Arguably, a living wage is the goal of all civilized societies—that is, the amount of money a person needs to maintain a basic standard of living. But what exactly is a sufficient wage? And will increasing the minimum wage create a knee-jerk effect among employers to hit the brakes on hiring?
At present, the hourly minimum wage in the United States is $7.25, and the Democratic Party platform is advocating more than doubling that rate to $15. MIT Sloan asked three of the School’s top economic and labor experts to weigh in on the idea of raising the minimum wage. Here’s what they had to say:
MIT Sloan Professor of Information Technology
Director, MIT Initiative on the Digital Economy
Having more people working and earning good wages is good not just for the people we help, but for all of us: People who work are more engaged in community, creating a virtuous cycle. If we do these three things, we’ll be on track to becoming a richer, more engaged, and more dynamic nation.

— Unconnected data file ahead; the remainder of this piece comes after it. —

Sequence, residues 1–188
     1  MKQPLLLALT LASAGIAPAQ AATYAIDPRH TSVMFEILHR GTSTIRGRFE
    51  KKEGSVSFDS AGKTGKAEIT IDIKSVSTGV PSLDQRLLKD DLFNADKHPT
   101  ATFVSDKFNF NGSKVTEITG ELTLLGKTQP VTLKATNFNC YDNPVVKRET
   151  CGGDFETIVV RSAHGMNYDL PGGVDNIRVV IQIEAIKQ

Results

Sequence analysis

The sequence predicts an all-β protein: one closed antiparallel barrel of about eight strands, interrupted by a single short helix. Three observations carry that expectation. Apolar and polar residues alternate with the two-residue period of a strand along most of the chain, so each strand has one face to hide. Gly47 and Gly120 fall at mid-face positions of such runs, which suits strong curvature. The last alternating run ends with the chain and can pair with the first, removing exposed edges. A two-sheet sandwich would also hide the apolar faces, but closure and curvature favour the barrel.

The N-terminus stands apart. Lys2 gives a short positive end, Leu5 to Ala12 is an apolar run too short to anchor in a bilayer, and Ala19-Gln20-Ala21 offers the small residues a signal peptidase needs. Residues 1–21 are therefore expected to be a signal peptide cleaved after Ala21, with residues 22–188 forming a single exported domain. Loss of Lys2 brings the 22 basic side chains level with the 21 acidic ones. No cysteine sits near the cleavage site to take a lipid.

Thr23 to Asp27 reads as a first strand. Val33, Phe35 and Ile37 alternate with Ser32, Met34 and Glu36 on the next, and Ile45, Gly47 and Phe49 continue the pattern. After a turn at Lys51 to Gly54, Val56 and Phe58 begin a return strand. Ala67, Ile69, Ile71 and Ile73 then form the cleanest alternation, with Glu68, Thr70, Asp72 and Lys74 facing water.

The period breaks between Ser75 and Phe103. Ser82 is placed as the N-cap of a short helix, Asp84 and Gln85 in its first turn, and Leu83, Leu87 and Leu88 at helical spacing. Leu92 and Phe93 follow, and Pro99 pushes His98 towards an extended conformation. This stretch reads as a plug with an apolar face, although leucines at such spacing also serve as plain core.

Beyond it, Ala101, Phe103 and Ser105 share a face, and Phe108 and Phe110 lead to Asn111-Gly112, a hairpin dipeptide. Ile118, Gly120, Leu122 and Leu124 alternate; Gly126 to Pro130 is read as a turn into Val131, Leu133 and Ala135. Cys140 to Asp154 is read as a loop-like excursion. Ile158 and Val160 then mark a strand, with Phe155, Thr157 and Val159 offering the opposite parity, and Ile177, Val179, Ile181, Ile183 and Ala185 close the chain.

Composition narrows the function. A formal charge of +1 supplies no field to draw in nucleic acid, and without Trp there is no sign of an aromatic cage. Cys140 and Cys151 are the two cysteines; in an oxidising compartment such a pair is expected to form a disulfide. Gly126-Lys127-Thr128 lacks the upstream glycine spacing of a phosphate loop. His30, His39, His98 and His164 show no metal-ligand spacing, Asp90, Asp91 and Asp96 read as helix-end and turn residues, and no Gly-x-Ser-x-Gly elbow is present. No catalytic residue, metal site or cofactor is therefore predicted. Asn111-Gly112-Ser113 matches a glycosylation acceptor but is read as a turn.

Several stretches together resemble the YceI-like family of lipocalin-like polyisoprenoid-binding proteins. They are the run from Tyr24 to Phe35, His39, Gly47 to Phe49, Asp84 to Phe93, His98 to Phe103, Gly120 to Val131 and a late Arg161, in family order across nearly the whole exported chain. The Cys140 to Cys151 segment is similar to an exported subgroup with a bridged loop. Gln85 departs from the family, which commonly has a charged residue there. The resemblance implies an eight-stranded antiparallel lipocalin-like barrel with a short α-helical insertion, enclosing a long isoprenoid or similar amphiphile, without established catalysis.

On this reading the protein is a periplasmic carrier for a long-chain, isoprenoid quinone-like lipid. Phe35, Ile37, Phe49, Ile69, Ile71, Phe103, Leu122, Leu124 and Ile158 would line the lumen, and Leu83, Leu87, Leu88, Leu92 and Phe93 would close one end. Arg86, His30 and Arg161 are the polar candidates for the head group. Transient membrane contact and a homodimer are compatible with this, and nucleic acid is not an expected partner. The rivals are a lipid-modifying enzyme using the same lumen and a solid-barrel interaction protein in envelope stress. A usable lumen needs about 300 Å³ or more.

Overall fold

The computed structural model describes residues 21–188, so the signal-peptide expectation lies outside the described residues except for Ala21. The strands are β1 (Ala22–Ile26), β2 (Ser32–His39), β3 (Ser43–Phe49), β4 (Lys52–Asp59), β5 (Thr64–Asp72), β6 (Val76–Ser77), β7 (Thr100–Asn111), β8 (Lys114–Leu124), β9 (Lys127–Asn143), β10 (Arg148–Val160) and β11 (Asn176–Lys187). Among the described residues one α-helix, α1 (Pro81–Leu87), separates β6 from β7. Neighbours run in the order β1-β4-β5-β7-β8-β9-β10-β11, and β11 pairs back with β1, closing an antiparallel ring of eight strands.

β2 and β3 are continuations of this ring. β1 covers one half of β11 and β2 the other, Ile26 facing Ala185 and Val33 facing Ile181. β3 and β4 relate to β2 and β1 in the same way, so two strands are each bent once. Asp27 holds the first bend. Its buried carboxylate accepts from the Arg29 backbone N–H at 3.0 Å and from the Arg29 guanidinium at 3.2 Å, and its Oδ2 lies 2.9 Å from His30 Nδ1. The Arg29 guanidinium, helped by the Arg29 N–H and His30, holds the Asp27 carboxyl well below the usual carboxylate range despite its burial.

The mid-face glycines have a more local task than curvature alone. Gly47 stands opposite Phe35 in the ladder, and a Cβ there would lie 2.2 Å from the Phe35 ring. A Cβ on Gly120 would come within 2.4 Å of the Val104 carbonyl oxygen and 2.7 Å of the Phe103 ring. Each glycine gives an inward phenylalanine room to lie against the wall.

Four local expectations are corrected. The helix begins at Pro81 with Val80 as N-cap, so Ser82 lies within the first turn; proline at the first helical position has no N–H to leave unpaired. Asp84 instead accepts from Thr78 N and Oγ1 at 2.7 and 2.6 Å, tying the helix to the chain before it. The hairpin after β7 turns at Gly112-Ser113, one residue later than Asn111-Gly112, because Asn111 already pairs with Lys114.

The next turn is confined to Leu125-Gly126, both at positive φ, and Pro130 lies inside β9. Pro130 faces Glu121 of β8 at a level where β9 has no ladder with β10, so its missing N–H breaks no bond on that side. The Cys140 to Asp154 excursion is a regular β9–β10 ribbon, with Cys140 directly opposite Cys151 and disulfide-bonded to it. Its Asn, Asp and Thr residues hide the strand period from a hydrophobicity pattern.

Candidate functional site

#1 Expand the Earned Income Tax Credit
Suppose that someone is earning $12 per hour, and we’d like them to earn $15. With an Earned Income Tax Credit (EITC) they’d get an additional $3 per hour worked from the government. The money to pay for this would come from general tax revenue including income taxes, or ideally increased taxes on carbon dioxide emissions, congestion, and other things we’d like to discourage.
#2 Reinvent Education
The wage gap between the most and least educated workers has grown enormously since the 1980s, and better-educated workers also have much lower unemployment rates and higher rates of workforce participation. But it’s not enough to simply do more of the same. We need to reinvent education for an age where machines are increasingly doing cognitive tasks—the second machine age. That means a greater emphasis on skills like teamwork, project management, persuasion, leadership, coaching, and creativity.
#3 Reduce unnecessary occupational licensing
Over 25 percent of workers now require a license to do their jobs, a five-fold increase since the 1950s. While some licenses are important for safety or other reasons, research has shown that excessive licensing requirements reduce employment and mobility.